St. John history is now more vibrant, alive and accessible than ever thanks to the St. John Historical Society’s beautiful 215-page, stitch-binded publication.
St. John: Life in Five Quarters was officially unveiled last week to overwhelming support and encouragement.
A labor of love for about a year for four editors, Life in Five Quarters brings together 66 articles culled from the pages of the SJHS’s monthly newsletter. The group has been issuing a newsletter for the past 10 years, many of which are summaries of presentations from SJHS monthly meetings.
SJHS archivist Eleanor Gibney, board advisor David Knight, SJHS president Robin Swank, and newsletter editor Bruce Schoonover, set about slogging through 115 collected articles from the decade of newsletters about a year ago.
“It was a full year of work and I think it took us all by surprise how much editing and formatting and time it was going to take on all our parts,” said Knight.
“We were in overdrive for a while there,” said Gibney.
The foursome were helped along in the process by their drive to include pieces that dealt with the history of St. John exclusively, Gibney added.
“Choosing some of the articles was a matter of a lot of debate, but we were really trying to focus on the articles that were purely about St. John,” said Gibney. “In the newsletter we’ve published many things that had regional or broader interest than just St. John. So that helped guide us.”
By staying true to the St. John-specific content, the group was able to cover a large range of history, from the first attempted Danish settlement in 1675 through the present day.
“We managed to cover a lot of aspects and a long range of history,” said Gibney. “There is scholarly stuff, lighter stuff, material that covers the Danish Colonial period and a good deal that covers the post-colonial period.”
“We tried to choose really diverse pieces and tried to be very inclusive as far as subjects and the people involved,” said Knight. “We tried to make the book as rich and unique and diverse as St. John.”
SJHS’s Life in Five Quarters is organized into seven chapters which cover everything from culture, trade and industry (chapter five) to hikes and presentations. The subject matters alone, the book spans more than 325 years of information.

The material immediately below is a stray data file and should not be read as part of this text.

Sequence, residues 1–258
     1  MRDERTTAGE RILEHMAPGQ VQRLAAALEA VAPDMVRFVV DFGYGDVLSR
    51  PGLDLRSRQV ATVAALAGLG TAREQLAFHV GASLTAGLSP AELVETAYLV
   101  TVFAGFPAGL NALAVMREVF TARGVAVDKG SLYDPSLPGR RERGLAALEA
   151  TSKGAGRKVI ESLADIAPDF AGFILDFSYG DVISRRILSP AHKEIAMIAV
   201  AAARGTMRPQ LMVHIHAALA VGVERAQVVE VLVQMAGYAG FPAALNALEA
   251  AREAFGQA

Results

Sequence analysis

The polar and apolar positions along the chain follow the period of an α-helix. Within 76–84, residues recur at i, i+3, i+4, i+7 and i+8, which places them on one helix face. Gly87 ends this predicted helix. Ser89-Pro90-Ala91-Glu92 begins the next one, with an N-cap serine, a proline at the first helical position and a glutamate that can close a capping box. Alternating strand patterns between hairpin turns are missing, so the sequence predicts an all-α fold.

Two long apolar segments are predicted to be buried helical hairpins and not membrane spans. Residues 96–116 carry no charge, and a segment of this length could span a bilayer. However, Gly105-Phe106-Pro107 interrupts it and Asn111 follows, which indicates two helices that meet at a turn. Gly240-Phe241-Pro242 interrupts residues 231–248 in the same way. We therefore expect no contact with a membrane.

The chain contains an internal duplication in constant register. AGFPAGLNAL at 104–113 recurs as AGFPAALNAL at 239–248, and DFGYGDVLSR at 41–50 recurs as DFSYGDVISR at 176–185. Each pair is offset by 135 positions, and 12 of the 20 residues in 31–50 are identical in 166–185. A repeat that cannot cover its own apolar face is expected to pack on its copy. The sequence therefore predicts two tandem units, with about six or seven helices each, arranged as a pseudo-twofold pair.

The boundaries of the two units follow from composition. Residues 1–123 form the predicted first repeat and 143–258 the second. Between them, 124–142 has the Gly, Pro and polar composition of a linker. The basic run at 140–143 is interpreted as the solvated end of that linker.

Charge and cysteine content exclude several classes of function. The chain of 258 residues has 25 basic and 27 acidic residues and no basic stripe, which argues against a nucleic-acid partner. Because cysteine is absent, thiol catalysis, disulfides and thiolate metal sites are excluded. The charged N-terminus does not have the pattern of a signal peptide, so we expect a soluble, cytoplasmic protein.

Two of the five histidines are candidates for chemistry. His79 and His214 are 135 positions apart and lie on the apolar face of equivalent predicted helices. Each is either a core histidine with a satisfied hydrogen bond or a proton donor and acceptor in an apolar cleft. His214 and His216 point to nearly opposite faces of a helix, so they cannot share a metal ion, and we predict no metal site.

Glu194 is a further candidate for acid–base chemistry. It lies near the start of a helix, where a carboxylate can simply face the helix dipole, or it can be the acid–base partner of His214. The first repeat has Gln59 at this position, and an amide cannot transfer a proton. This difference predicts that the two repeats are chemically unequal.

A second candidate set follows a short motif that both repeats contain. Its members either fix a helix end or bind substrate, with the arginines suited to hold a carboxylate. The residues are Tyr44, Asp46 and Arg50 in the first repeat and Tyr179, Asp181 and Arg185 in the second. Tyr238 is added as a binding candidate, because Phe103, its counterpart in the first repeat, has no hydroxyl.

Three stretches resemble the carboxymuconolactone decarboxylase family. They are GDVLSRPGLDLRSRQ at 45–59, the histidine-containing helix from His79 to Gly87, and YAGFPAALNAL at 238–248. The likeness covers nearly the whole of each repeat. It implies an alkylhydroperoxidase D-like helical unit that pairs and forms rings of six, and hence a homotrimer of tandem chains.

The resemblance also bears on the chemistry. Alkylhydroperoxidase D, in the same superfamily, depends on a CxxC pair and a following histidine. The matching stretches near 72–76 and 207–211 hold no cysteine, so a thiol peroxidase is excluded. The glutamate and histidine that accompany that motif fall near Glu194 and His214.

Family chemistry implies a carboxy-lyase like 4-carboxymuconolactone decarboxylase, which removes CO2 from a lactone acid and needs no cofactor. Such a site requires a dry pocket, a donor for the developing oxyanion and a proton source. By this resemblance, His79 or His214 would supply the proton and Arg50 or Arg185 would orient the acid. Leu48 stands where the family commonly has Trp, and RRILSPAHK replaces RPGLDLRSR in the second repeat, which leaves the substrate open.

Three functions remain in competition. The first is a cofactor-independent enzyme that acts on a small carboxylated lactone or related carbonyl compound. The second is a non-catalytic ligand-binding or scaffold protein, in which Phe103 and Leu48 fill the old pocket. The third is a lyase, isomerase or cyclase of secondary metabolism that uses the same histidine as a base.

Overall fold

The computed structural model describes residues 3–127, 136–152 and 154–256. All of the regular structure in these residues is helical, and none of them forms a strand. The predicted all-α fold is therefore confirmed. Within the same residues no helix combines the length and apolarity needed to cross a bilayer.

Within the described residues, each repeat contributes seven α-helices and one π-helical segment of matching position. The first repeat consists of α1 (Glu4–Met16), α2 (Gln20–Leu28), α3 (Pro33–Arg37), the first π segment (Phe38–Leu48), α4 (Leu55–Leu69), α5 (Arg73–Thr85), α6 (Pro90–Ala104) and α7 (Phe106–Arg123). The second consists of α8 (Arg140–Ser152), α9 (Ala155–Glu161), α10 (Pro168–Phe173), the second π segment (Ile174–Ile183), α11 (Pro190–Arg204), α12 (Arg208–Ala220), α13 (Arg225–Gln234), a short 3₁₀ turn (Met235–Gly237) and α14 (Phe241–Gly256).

“Again, part of the diversity contained in the book is not just the diversity of people and perspectives, but also time diversity,” said Knight. “We have first hand accounts in the book from people who lived on St. John who share their voices and perspectives with us from the 1800s and right up until today.”
For Knight, one voice sharing his perspective of recent history of the island resonated on a very personal level.
“I am tickled that my son, David Knight Jr.’s article was chosen to be included,” said Knight. “Here is the voice of a student, a young person, to go along with all those voices from the past. There really is just great representation all around.”
Another part of what makes Life in Five Quarters so engaging are the many high-quality images which leap from its pages, bringing the articles to life.
“Getting a lot of the images together was a major thing,” said Gibney. “In many cases we had most of the originals, but when they were published in the newsletter they were pretty low quality. We were fortunate to work with a publisher who did such fine work.”
“The photos are amazing,” said SJHS president Swank. “I think people can relate to the individual stories and especially with the images. The history of St. John is not so easily told and this is a better way to tell the history.”
Such photographic gems as stereoscopic images of the Cruz Bay Battery from 1898 — among the oldest known photographs of St. John — and one of the earliest known Kodachrome postcards of the island dating from around 1940 are featured in the pages of Life in Five Quarters.
The editors were fortunate to have a vast collection of records and images from which to select the featured articles, explained Knight.
“To begin with, the St. John Historical Society is a great organization and one of the things that makes it unique and wonderful is that it has preserved its records and archives and continues to,” Knight said. “One question we’ve all had is finding the best way to get all this accumulated knowledge out there and have it serve the public and disseminate the information so that people learn from it. We were really lucky that we had such a rich collection of writing and things that we could choose from.”
Looking over their year’s worth of effort, the editors were elated with the outcome, from the cover image of Robert Schomburgk’s hand-painted watercolor of Coral Bay in 1833 to Bishop Levin Reichel’s drawing of the Bethany Moravian Church in 1852 which graces the back cover.
“So far, everyone is really excited by this,” said Gibney. “We really did spend a lot of time on this and I think there really is something for everyone in there.”
“I think we’re all really pleased with the results and I hope that the people of St. John are as well,” said Knight.
“We’re very proud of it,” said Swank. “It’s a nice compliment to the other activities that the board is conducting this year. We now have something that is fact-based and research-based to tell a more complete story of St. John.”
SJHS’s Life in Five Quarters is available from the group’s website, www.stjohnhistoricalsociety.org, at Concordia, Maho Bay Campground, Tall Ship Trading Company, Keep Me Posted, Papaya Cafe, Connections, St. John Spice Company, and additional retail outlets across the island.